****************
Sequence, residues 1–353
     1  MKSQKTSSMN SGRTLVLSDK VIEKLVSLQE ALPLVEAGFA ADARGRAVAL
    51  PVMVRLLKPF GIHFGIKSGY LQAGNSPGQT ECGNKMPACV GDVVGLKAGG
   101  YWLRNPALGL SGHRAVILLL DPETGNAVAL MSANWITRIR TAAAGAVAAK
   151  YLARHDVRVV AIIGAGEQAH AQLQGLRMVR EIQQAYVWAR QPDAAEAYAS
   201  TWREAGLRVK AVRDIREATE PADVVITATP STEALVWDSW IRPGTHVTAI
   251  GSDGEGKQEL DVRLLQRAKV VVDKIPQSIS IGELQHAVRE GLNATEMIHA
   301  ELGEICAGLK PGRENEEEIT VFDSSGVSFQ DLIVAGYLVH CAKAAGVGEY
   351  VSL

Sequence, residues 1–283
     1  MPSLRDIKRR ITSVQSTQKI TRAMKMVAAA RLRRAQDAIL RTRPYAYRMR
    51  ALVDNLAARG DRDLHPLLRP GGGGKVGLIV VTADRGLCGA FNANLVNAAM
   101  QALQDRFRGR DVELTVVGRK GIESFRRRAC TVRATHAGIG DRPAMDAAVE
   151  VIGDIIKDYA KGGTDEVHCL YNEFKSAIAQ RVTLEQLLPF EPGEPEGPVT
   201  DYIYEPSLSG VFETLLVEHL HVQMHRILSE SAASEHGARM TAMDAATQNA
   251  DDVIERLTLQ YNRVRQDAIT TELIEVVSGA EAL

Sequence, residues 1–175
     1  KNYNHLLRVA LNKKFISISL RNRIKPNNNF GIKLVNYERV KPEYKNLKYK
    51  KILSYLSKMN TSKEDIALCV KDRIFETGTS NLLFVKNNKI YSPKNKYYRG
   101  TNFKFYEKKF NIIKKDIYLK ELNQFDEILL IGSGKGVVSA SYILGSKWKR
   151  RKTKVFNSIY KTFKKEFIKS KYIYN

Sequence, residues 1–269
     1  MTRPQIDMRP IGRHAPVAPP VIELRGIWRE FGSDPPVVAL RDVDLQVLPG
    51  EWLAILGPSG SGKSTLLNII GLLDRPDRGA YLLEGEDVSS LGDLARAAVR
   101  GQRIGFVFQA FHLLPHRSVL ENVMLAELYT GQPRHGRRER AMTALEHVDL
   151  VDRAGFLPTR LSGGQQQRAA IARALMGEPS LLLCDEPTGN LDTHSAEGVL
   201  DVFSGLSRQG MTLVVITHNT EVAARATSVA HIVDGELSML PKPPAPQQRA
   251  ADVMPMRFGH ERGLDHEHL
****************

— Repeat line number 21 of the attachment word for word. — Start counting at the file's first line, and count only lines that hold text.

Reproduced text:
   151  RKTKVFNSIY KTFKKEFIKS KYIYN